The cats and kittens of Lazy Fairy — Sarasota's latest upstart improv troupe — know this trick very well. (Christine Alexander, Tim Beasley, Catey Brannan, Chris Friday, Angel Parker and Zan with no last name.) Faster than you can say "Grizzly Man," they've got you laughing your ass off — as happened to me at their debut peformance at the Players. Describing what they do would be about as funny as dissecting Tinkerbell, so I threw some zen philosophy at you instead. Trust me: they're funny, even enlightening.

Christ. Here comes the bear again.

Lazy Fairy
July 24
Players Theatre
838 N. Tamiami Trail, Sarasota

Friday, July 25, 2008

Love and tombstones

Kathleen Clark’s Southern Comforts is one of those odd couple romances. Gus Klingman is a stone mason with a New Jersey accent that could cut granite. Amanda Cross is a Southern belle with a honeyed twang that could drown bees. She's talky; he's taciturn; she's a people person; he likes his own company. Differences aside, they've got one big thing in common. They're both old.

Funny thing. It's not a big point. This is a comedy. Love makes people do silly things. The gag is as old as Shakespeare.

It's a two-part joke, as the Bard knew.

The basic set-up: Lovers act silly because they're pretending to be somebody else. They fall in love, wearing masks.

The punch line: Lovers get together and the masks come off. Then the baggage comes in. Comedy ensues.

The gag is the same for couples of all ages.

--Do you love me?
--Then, love my stuff. Love me; love my cat. Love me; love my books. Love me; love my family. Love me; love my history. Or tip-toe around my history: the elephantine ex-wife in the living room. Just pretend she isn’t there.

Director Robert J. Farley and actors Susan Greenhill and Richard Bourg do an excellent job without falling into cliche. There are plenty of tender moments. But plenty of bickering, too.

Ah, well. Mergers are never easy.

In this case, one of the points of negotiation is who gets the nice grave. I guess that is pretty much an old person thing.

Aside from that, Gus and Amanda could be any couple.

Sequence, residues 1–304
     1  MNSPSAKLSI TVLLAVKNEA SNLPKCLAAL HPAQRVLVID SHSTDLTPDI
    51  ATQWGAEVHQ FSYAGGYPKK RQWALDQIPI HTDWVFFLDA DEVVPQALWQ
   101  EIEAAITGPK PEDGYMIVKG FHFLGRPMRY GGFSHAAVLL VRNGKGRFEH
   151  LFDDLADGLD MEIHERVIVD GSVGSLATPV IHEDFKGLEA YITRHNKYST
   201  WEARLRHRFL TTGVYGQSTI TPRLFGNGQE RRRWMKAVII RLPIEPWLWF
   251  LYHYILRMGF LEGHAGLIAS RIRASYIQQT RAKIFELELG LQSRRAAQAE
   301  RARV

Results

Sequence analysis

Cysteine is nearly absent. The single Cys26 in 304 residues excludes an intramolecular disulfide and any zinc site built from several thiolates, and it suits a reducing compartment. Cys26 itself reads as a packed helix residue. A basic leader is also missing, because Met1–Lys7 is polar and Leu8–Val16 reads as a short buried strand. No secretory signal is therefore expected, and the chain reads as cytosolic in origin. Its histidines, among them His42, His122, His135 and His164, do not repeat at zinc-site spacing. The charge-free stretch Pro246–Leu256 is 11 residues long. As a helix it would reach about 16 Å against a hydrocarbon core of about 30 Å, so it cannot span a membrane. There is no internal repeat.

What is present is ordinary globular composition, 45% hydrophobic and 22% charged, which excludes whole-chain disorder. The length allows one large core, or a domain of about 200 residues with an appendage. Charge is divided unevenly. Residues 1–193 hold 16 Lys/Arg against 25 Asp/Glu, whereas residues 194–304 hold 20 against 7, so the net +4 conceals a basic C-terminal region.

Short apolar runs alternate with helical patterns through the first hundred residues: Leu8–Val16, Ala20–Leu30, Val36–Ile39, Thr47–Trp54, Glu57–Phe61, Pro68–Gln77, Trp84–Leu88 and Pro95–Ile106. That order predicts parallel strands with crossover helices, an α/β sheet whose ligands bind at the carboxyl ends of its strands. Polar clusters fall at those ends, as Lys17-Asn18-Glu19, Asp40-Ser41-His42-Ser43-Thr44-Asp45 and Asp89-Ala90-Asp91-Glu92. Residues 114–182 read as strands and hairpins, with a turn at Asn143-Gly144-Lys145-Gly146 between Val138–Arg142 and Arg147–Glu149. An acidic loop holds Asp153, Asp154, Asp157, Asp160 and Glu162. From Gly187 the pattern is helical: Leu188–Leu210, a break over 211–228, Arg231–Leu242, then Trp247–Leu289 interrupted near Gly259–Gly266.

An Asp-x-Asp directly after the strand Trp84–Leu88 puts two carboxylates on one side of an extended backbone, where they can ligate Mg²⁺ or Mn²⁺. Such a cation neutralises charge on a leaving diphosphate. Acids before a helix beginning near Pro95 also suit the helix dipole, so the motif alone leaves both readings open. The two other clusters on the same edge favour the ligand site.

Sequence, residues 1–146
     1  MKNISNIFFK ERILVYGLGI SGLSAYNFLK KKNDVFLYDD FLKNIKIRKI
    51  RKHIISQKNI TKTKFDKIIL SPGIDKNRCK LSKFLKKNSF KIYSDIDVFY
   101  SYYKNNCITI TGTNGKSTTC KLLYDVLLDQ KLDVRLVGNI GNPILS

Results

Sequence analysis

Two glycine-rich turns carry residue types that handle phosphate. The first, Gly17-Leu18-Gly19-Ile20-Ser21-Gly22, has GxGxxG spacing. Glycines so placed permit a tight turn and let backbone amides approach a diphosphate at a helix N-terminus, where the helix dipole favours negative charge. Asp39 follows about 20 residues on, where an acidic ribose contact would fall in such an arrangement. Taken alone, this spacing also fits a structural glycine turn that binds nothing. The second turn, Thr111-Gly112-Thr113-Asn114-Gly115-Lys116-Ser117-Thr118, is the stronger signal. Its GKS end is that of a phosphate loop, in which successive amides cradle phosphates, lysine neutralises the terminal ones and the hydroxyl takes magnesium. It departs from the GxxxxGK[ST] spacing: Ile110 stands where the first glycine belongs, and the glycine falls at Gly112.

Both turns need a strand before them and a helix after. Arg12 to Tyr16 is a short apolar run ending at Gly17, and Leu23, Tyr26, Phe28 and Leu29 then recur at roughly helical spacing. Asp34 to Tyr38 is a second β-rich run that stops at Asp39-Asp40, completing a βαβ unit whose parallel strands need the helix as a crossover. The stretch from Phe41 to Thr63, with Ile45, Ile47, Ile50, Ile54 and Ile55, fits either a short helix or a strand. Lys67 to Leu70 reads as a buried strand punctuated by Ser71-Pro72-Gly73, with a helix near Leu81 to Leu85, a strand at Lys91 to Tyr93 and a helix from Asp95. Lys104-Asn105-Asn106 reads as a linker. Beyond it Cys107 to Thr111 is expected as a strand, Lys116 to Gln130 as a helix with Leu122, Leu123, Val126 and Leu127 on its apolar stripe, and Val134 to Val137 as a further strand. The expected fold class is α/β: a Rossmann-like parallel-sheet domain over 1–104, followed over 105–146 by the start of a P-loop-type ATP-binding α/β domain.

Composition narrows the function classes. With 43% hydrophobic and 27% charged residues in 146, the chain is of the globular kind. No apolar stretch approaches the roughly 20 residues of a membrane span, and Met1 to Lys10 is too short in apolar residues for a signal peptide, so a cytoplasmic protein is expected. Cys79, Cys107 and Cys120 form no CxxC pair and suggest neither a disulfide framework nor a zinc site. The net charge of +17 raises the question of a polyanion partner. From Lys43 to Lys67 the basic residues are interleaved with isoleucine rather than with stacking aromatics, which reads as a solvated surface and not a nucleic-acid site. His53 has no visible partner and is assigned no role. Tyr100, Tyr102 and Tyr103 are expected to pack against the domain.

The clock is ticking for lovers everywhere.

‘Southern Comforts'
Through Aug. 17
Florida Studio Theatre
1241 North Palm Ave., Sarasota

Tuesday, July 22, 2008

Runner-up stupid award goes to ...

The idjit head readers who didn't grasp that the July 21 New Yorker cover was satire. Various clowns have said: Oh my God, they put him in a turban, he's burning the American flag, his wife is an urban guerilla, oh how awful. Or words to that effect.

Listen up, clowns. Put down the pie, step away from the seltzer, get out of the clown car and listen:

It's satire.

The cartoonist swept all the right wing slurs about Obama into one image to show how ridiculous they are. The equivalent cartoon bashing far left assumptions would show Bush, Cheney and friends sitting around a table while Osama bin Laden flew a tiny model plane at a tiny model of the World Trade Center to work out the details of the evil conspiracy. Get it?

Humor lives on the edge. Every cartoonist who pitches an edgy idea has to deal with some editor saying "People are stupid, they won't get it."

The fact that so many people don't get it makes me want to find the nearest edge and leap off.

Saturday, July 19, 2008

The Dark Knight kicks ass

The Dark Knight sticks a bat hook in the problem of evil. Then it pulls. Meaty question rip out: What is the nature of evil? To fight evil, do you have to become evil? Not bad for a comic book movie. I guess that makes it a philosophical comic book movie.